The State of Lightweight Material Technologies in Truck and Van Upfits
It wasn’t long ago when nearly $5 per gallon of gasoline and diesel was a reality, with most analysts predicting that this price, or even higher, would be the new normal for a long time to come.
And as fleets grappled with the impact of fuel cost spikes on their operating budgets, they began to look more earnestly into lighter-weight truck and van upfits – built with advanced lightweight materials, such as aluminum, fiberglass composites, plastics, advanced high-strength steel and carbon fiber – with the hopes of improving fuel efficiencies and uncovering other cost-savings opportunities in a volatile market.
This is because replacing conventional steel with lighter-weight materials wherever possible allows fleets to accomplish one of three objectives:
• Achieve net fuel-efficiency gains. If you reduce the truck’s weight, without adding more payload, the vehicle requires less effort – and thus, fuel – to perform the same work.
• Increase legal payload and productivity. If you take, for example, 1,000 pounds out of the construction of a truck body, that allows your crew to carry 1,000 pounds more in gear, parts and equipment per trip, while staying under gross vehicle weight limits pertaining to bridge laws, commercial driver’s license requirements or other Department of Transporation regulations, depending on the truck class.
• Reduce acquisition costs. Selecting a lighter-weight upfit might enable you to downsize to a smaller, potentially less expensive chassis, without sacrificing net payload capacity.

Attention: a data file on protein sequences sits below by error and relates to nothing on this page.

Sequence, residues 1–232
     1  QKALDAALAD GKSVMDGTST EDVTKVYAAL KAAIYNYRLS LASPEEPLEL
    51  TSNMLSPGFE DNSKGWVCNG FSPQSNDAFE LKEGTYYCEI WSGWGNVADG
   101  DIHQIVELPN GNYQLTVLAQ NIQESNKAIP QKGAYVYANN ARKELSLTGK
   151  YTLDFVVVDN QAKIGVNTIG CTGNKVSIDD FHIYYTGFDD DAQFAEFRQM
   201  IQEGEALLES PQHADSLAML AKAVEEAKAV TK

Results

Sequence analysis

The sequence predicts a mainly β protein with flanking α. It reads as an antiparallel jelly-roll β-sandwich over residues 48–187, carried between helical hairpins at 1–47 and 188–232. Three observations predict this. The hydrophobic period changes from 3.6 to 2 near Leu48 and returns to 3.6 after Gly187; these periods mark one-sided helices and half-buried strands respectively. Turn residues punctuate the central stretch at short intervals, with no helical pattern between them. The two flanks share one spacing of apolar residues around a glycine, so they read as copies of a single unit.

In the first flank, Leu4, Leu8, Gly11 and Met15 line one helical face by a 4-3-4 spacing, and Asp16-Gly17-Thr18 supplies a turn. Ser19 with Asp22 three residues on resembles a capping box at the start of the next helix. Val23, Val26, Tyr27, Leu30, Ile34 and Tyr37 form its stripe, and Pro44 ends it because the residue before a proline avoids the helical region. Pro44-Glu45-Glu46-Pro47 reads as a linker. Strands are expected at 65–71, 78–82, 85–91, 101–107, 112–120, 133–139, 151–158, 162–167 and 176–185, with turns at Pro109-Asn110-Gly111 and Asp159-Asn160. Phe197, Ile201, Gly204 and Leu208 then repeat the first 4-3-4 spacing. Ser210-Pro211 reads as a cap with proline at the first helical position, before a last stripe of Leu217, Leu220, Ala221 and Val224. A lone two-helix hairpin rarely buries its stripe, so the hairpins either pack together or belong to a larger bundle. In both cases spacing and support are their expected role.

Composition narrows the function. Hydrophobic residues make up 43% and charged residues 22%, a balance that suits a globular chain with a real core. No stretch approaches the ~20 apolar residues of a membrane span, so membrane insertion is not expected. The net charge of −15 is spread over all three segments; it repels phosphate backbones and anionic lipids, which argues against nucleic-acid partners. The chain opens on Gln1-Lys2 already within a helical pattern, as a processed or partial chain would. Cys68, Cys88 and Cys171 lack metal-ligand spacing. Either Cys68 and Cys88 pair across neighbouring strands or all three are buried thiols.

But fast-forward a few years later and, as of press time, both gas and diesel have sunk below $2 per gallon in most of the U.S. So, does this mean lower demand for lighter truck and van upfits?
Not according to these four trends.
Trend #1: Greater Openness to Lightweight Materials in the Fleet Industry
“You don’t typically see fast, wholesale changes in our industry, either from the body manufacturers or from the fleets or consumers,” said Doyle Sumrall, managing director for NTEA – The Association for the Work Truck Industry (www.ntea.com). “That’s because mistakes are really expensive. And it takes time for customers to try something new and trust that these [lightweight] materials will work in the field and hold up in harsh conditions.”
But the spike in fuel prices in 2007 and 2008 pushed the industry to move faster into lightweighting, according to Sumrall. “There was a period there that when you filled up your vehicle, it made your eyes water. Five-dollar fuel was a true impetus for change. Those kind of seminal events tend to open your mind to look at new and creative ways to do things.”
Since that time, as more fleets have become comfortable with the performance of advanced materials in the field, this has helped create greater industry awareness of the benefits of weight reduction, spurring fleet managers to at least consider lightweight material options when spec’ing upfits – something they likely wouldn’t have done, say, 10 years ago.
Trend #2: GHG Phase 2 Standards
The upfit industry is about to get external pressure from the federal government to take weight out of their products.
That’s due to the Phase 2 greenhouse gas emissions rules, as outlined in a joint proposal by the National Highway Traffic Safety Administration and Environmental Protection Agency. These rules apply to heavy-duty trucks – defined in this context as vehicles at or above 8,500 pounds gross vehicle weight rating – and are expected to begin model year 2021.
While the Phase 1 ruling, in effect from 2014 through 2018, requires chassis manufacturers to create fuel-efficiency gains through powertrain improvements, the Phase 2 proposal takes a more holistic approach, addressing the factors that impact fuel economy with both the chassis and the truck-mounted body, as with vocational vehicles like bucket trucks and digger derricks.
And one of solutions proposed by the government that impacts the upfit industry is weight reduction through the use of advanced material technologies in upfits.